Somalia's Int'l partners call for dialogue in Galmadug electoral crisis
MOGADISHU, Somalia - Opposing groups in Galmadug disputed electoral process must embrace dialogue to avert possible violence, Somalia's international partners have warned.
A standoff has ensued in the state, throwing the much anticipated presidential polls into a limbo, with four candidates bowing out of the race.
Last week, Abid Ahmed, Mohamed Odowaa, Abdullahi Wehliye, and Kamal Gutaale announced their decision to quit the race, citing "Villa Somalia interference".
Sufi group Ahlu Sunna Wal Jama'ah (ASWJ) on Wednesday also rejected the presidential polls process, further complicating the situation.
Federal Government, ASWJ claimed, "manipulated the electoral process by imposing MPs with an aim of a hand-picking winner".
But the situation deteriorated on Tuesday when the ASWJ group formed a 69-member assembly, parallel to legally mandated 89-member Parliament.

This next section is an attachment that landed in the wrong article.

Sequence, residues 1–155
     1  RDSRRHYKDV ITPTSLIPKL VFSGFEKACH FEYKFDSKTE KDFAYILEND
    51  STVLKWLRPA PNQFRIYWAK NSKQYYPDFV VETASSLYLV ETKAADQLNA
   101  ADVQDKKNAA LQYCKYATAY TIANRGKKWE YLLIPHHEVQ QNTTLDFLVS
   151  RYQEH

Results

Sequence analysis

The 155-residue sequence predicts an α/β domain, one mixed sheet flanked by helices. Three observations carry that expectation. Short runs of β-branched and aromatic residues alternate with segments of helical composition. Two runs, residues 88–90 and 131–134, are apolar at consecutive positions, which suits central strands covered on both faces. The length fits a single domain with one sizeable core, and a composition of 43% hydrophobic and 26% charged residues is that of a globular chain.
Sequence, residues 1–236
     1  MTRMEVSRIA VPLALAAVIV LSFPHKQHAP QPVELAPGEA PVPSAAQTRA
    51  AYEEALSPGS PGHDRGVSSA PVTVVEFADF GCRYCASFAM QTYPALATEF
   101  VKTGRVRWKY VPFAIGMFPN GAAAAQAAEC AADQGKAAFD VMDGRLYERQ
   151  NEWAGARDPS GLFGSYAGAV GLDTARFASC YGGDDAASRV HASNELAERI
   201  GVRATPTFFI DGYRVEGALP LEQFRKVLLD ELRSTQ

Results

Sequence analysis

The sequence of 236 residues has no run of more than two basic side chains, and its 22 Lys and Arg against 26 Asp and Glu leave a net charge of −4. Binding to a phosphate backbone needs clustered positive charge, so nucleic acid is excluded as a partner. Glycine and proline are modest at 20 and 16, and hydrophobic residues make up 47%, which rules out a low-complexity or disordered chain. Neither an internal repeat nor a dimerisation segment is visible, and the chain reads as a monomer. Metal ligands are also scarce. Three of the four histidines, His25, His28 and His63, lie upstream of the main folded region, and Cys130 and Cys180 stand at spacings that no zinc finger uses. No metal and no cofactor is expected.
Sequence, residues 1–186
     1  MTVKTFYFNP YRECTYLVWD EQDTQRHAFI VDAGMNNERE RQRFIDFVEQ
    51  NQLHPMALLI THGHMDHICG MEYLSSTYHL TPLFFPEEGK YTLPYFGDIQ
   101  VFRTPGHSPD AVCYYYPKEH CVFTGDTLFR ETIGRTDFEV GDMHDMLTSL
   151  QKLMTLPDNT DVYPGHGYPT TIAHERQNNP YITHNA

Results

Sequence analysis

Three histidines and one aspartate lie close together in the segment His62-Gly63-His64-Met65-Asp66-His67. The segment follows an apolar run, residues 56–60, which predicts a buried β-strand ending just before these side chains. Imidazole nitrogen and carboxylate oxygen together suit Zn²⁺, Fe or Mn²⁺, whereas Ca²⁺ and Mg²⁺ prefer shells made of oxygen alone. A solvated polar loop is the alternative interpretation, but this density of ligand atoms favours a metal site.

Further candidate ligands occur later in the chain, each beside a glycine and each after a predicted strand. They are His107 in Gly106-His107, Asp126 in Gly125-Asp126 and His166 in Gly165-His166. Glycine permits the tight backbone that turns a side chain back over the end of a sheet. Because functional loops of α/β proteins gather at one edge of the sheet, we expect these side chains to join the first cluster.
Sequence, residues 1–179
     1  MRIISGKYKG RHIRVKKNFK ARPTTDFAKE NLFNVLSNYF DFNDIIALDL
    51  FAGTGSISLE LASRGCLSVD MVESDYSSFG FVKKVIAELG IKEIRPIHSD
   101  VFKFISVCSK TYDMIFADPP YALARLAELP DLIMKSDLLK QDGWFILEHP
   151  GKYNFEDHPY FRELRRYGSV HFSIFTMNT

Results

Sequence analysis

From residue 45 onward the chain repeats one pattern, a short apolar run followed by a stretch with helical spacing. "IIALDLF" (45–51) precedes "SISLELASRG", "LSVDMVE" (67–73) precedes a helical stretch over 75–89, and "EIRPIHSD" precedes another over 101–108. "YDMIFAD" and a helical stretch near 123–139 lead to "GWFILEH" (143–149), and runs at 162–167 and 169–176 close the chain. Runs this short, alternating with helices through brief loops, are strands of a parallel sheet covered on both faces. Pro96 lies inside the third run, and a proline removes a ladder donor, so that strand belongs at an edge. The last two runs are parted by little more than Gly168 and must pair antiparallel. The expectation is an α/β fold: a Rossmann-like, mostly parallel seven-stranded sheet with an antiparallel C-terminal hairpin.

The group is understood to have picked her own speaker, further complicating the already fragile situation. The group has since fallen out with FGS.
In a statement on Tuesday, international partners have asked the warring groups to embrace dialogue for peace and stability.
"All stakeholders should remain focused on the need to participate in a process that will enjoy broad support and avoid the risk of instability and conflict," read the statement.
It added: "This will require an inclusive approach, forged through dialogue, and will require flexibility on all sides."
Significantly, the partners said, communities reached compromises on sharing of seats for the best interest of the state.
The emerging differences should be solved through dialogue and if necessary, the actors should take time to do so, the statement said.
While condemning alternative processes, the groups added, "the polls should be objective of a unified and stable Galmudug state."
The process, they said, should remain objective and transparent by embracing all stakeholders to avert possible breakout.
And to achieve this, they said, "remaining steps of the electoral process to be taken in the same spirit of compromise that has yielded the progress witnessed so far."
The 89-member assembly was expected to pick a successor to President Ahmed Dualle on January 30th but the process will now be delayed until a compromise is reached.